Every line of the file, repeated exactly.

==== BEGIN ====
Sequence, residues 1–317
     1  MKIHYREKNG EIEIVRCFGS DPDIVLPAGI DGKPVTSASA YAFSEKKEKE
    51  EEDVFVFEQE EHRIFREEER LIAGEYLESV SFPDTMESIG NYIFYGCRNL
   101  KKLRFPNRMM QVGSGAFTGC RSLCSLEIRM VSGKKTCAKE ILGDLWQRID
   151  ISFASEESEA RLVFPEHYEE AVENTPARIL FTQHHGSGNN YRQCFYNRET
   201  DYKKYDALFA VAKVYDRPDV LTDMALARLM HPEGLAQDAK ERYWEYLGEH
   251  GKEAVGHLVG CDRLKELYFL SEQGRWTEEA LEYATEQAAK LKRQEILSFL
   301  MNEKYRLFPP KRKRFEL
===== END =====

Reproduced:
Sequence, residues 1–317
     1  MKIHYREKNG EIEIVRCFGS DPDIVLPAGI DGKPVTSASA YAFSEKKEKE
    51  EEDVFVFEQE EHRIFREEER LIAGEYLESV SFPDTMESIG NYIFYGCRNL
   101  KKLRFPNRMM QVGSGAFTGC RSLCSLEIRM VSGKKTCAKE ILGDLWQRID
   151  ISFASEESEA RLVFPEHYEE AVENTPARIL FTQHHGSGNN YRQCFYNRET
   201  DYKKYDALFA VAKVYDRPDV LTDMALARLM HPEGLAQDAK ERYWEYLGEH
   251  GKEAVGHLVG CDRLKELYFL SEQGRWTEEA LEYATEQAAK LKRQEILSFL
   301  MNEKYRLFPP KRKRFEL